I was diagnosed with bipolar as an adult about 15 years ago. My wife and I have 2 sons, ages 23 and 21 that still live with us. Your son's behavior reminds me of some things are younger son is going through, but no where near that level.

Doing the 'tough love' thing may work, but I'm sure you are aware of all the risks involved with that approach. Mostly would be separation and losing your relationship with your son for a very long time. I'm sure you have tried to reason with him and make him understand that he needs medical help as well as therapy. I am surprised that you posted that he can not get medicaid because he is not working. I was under the impression anyone who qualified financially could get medicaid. Have you gone to their website? Here is a link: http://www.medicaid.gov/index.html .

Persistence may give your results eventually. Do no give up on him, but keep showing that you love him and just want the best for him. I know how hard this is for you and your husband, but keep trying. Hopefully he will eventually listen and take steps to get the help he needs.

I will be praying for you and your family.
 
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melly2210 responded:
First of all, it is good that you WANT to help him.

As for his violent behaviors like punching the wall and injuring himself, these are signs of self-injury and in most places can warrant an involuntary stay in a crisis center. Add in his wanting to hurt others. From my experience, this is where he needs to be.

As a child he may not have had the maturity to know what was wrong, just that it was. My son is now 16 and has been bp since he was 12. It has taken until now for him to acknowledge it and even now, he is not completely med compliant.

When I was diagnosed, I went through a period of severe denial. I didn't want to be BP. I didn't want to file for public assistance. And I didn't want to file for SSI and SSDI. I was scared of those things because they meant that I had to admit that I had a lifelong disease. It took support and love until I finally accepted the diagnosis and was open to treatment. And it took me several stays in crisis centers involuntarily and voluntarily before I reached that point of acceptance too.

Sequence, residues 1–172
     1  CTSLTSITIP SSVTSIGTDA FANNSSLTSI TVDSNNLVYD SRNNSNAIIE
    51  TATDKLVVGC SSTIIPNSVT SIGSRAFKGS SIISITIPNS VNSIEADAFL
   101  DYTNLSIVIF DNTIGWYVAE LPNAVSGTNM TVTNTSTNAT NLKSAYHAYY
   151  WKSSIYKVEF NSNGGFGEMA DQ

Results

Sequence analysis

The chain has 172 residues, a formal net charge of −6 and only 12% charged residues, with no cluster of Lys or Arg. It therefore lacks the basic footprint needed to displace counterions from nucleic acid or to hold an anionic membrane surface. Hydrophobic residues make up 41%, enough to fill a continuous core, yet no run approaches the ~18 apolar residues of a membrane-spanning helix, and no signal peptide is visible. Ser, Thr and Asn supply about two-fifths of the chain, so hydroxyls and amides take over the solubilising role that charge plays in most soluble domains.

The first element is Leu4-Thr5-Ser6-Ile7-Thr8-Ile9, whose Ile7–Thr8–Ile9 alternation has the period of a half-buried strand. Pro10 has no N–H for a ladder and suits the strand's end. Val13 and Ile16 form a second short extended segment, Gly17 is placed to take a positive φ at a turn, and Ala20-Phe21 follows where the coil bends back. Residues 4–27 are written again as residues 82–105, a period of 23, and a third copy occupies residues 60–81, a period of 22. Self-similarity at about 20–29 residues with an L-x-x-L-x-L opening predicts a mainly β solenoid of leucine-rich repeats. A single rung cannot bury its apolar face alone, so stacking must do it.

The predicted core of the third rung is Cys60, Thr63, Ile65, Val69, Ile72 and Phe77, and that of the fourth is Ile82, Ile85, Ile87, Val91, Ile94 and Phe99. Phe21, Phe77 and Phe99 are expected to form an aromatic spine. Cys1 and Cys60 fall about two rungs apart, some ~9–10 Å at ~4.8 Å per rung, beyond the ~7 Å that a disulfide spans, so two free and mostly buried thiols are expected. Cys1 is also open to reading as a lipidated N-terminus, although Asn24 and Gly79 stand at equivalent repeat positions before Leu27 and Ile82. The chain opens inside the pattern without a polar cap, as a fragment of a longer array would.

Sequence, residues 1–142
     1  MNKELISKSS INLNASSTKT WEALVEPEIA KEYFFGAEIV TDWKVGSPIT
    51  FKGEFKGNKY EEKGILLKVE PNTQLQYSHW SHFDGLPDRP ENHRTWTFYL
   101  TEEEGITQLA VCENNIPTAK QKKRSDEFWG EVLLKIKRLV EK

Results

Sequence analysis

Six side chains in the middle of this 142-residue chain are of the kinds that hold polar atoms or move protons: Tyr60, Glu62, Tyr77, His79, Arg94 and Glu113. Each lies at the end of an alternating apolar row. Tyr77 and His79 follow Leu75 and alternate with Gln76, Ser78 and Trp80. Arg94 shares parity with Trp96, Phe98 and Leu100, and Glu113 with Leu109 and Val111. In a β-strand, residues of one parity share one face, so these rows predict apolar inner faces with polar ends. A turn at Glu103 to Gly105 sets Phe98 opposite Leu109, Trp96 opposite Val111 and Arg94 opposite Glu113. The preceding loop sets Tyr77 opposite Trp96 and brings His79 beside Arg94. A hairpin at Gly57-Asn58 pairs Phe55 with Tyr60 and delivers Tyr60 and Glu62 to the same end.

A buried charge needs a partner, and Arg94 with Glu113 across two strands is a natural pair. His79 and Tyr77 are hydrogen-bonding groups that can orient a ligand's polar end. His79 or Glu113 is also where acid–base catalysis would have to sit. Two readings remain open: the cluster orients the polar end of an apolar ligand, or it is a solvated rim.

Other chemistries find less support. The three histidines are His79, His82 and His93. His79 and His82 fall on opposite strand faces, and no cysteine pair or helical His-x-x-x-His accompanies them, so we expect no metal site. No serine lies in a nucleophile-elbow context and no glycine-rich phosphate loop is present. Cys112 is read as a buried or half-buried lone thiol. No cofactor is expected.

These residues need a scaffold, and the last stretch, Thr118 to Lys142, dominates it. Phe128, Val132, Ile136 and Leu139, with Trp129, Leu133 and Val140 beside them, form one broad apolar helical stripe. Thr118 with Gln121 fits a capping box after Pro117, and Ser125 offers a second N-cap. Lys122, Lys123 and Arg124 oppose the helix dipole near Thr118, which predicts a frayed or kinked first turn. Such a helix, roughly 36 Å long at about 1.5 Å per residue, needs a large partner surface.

Good luck!

Hope is that thing with feathers that perches in the soul and sings the tune without the words and never stops... at all. ~Emily Dickinson
 
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finnessawilliams responded:
I've been diagnosed as bipolar for about 6-7 years now and I think that some tough love is in order here. I think you need to tell him like you would any other child, get a job or get out. Point blank. Also you need to tell him get an all clear from his doctor or go also. He is your son, but he is also a grown man, subject to grown man consequences if he hurts someone. You may love your son, but he could hurt himself, you or others.
There is no way that his doctor is going to say that the bipolar has disappeared and having a job with a schedule is crucial to provide a routine and a purpose.
I think that this is more than tough love, it's necessary love to let him know that he has to take care of himself. Let him know you are there for him, that you love him, but he has to love himself also. After he gets a job and talks to his doctor, have him fill out the paperwork for Medicaid. One thing I've learned, is that young men never think that insurance is important until they are laid up with a broken leg.
I hope this helps.